Comparing the original logs to the upscaled values can be done qualitatively or quantitatively. If the project contains only a few wells, displaying original and upscaled values side by side on a well display is a good way to analyze the results. A snapshot of such a display can help to explain this process in a report. When the project contains many wells, such qualitative approach becomes tedious if not impossible. An alternative is to compare the statistics of the original logs with the statistics of the upscaled values. If the upscaling worked well, then the original and the upscaled logs should have similar distributions and so similar percentiles, mean and standard deviation. Such analysis is enough to validate the vertical cell size. Nevertheless, it might be more interesting for your team that you analyze also the statistics of the meta-data of each well. Under the term meta-data, we are grouping any type of computation your team has done on the well logs, independently from your work on the geomodel. Maybe a net-pay thickness has been computed at each well as well as a net porous thickness and an oil-column thickness. Those numbers computed at each well might have already been used by your team to make decisions about the next steps of the whole project. Proving that the blocked well data does respect these crucial results is a great way to have your team support your geomodeling project.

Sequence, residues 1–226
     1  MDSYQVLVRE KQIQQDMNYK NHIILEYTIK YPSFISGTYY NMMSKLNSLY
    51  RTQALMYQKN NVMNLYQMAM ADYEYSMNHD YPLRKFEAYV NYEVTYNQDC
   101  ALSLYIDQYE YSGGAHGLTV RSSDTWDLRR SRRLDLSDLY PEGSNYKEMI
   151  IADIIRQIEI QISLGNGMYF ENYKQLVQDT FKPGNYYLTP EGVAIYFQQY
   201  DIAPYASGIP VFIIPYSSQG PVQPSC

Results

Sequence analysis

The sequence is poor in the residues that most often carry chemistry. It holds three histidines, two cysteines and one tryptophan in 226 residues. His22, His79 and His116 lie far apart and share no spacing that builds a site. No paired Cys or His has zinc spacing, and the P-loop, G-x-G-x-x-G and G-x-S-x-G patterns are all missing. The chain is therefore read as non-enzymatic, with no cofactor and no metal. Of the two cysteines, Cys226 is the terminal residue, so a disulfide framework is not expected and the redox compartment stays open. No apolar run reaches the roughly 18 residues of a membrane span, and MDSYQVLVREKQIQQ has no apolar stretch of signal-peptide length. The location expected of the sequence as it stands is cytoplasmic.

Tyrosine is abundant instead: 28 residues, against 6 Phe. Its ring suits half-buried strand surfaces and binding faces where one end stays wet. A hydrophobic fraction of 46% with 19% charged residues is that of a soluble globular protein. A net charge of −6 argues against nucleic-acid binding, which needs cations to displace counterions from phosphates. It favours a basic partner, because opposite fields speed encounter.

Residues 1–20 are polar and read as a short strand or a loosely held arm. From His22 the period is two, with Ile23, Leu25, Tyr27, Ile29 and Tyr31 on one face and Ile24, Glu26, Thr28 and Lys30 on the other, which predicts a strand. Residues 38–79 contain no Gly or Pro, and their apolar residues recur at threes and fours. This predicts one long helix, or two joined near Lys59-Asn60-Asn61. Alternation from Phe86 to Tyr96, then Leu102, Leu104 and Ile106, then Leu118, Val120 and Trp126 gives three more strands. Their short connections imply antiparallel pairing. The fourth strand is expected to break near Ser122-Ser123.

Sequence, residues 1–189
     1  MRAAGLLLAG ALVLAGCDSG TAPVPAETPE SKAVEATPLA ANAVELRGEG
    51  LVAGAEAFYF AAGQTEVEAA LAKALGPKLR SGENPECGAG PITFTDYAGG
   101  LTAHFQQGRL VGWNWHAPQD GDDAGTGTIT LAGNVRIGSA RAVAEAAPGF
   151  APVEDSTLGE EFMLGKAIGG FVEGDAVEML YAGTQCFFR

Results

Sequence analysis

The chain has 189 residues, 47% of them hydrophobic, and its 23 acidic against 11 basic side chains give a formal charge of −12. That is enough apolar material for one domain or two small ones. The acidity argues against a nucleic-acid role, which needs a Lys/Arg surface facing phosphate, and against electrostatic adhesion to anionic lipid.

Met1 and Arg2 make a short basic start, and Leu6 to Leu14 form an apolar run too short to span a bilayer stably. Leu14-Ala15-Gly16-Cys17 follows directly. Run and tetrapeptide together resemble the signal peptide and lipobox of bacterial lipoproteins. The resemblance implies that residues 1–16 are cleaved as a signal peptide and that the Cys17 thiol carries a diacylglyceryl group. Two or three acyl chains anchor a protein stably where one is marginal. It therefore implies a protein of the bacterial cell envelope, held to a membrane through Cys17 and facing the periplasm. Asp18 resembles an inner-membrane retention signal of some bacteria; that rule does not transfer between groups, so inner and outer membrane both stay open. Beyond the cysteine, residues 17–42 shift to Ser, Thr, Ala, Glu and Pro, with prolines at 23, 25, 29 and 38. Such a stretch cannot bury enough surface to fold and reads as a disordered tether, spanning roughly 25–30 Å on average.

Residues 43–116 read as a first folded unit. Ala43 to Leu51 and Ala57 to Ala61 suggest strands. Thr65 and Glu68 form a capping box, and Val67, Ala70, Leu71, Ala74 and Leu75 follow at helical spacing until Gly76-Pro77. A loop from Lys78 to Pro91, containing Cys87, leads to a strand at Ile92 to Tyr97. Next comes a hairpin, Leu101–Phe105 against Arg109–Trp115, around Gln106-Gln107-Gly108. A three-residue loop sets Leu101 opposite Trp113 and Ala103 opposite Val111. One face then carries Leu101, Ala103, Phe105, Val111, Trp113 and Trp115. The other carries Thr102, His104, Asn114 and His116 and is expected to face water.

Many mathematical techniques exist to block the well data. Usually, the vertical cell size (25cm to 1m) is coarser than the log resolution (10cm if not less). So all these techniques correspond to some sort of averaging. For discrete properties like facies, the most common approach is to keep the facies which was “the most preponderant”. For example, if in a given cell of 50cm height, the well shows 40cm of Sand and 10cm of Shale, it makes sense to assign the facies Sand to this cell. Is the “loss” of 10cm of Shale important? As long as it doesn’t impact the statistics along the well, probably not.